Not reporting true labor market data has apparently begun to grate on working Americans. Imagine that. In the meantime, two-thirds of U.S. economic output is comprised of consumption fueled by shrinking paychecks in the aggregate. Given surging credit card charge-offs, absent a continued spike in Buy Now Pay Later, we look to the spread between UMich News Heard-Higher Unemployment Expectations as a guide. It combines all buckets about recent changes in business conditions and contrasts it with households’ fear concerning future job loss. After 2024’s first quarter local high of 48.7, this metric has more than halved to May’s reading of 20.0 (aqua line). Heeding to pressures emanating from the labor market, the trend in real consumer spending already has eased from 2.7% YoY in 2023’s fourth quarter to 2.4% in 2024’s first quarter (lilac line).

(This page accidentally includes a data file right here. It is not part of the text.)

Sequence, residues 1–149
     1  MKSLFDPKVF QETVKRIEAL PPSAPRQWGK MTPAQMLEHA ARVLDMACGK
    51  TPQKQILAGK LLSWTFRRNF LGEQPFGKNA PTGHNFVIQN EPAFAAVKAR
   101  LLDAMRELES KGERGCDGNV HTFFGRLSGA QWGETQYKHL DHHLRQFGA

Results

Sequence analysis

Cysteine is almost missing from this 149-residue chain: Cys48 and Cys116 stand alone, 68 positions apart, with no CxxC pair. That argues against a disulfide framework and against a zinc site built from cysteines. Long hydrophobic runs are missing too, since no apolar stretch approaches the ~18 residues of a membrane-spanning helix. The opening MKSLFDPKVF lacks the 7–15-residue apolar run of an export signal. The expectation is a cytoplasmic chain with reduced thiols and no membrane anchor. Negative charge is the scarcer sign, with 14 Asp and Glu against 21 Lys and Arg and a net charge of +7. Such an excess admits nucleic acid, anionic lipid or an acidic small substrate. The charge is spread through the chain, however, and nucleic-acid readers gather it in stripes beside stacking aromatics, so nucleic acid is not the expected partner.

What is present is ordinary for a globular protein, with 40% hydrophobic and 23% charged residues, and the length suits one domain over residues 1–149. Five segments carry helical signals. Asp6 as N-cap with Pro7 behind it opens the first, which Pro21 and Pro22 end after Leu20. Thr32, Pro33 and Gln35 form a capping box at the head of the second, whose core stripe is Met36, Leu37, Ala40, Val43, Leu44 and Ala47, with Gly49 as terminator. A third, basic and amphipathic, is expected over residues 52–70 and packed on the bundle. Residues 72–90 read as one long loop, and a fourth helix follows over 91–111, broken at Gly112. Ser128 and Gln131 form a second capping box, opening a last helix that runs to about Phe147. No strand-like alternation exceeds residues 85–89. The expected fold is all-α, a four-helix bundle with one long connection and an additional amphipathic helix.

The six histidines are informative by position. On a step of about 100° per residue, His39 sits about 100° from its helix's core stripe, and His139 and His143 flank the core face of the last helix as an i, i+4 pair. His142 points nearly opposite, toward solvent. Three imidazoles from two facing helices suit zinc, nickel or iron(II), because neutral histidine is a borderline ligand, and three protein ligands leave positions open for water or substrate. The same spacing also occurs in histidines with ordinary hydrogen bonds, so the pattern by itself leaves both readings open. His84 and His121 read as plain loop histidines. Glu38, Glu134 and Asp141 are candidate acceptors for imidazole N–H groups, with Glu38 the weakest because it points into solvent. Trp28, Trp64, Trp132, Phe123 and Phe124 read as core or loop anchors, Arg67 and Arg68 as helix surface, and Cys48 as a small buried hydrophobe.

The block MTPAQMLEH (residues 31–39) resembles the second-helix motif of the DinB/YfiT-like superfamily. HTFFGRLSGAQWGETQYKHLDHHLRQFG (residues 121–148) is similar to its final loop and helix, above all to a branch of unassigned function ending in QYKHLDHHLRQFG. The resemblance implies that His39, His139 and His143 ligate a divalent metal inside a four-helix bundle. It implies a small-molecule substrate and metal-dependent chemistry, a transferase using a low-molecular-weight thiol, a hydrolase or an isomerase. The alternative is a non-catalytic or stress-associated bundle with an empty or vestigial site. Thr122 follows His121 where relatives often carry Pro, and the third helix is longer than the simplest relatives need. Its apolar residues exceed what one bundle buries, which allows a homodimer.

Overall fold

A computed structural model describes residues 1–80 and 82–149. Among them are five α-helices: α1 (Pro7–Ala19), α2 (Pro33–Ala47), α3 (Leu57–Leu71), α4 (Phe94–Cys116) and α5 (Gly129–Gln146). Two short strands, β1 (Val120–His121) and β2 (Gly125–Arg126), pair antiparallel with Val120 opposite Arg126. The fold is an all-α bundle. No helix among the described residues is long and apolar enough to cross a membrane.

Will policymakers at the Fed, who will put us out of our misery by entering FOMC blackout come Friday, be swayed by collapsing household perceptions of the job market? We doubt that seriously. Tourists would agree – that is, passive investors in the asset class designed to protect against inflation. The largest Treasury Inflation-Protected Securities bond exchange-traded fund, ticker TIP, is still trading well below its post-pandemic highs (blue line). The price of TIP is effectively the mirror image of real rates staying Higher for Longer to combat core inflation, which we’ve been told is too sticky and too steep for policymakers’ liking. To be sure, idiosyncrasies attendant to the vagaries of insurance rates and other sources of inflation out of the Fed’s control have stalled disinflation in Supercore PCE (red line). Such realities still won’t prompt Powell et al to whip out the Ease Button.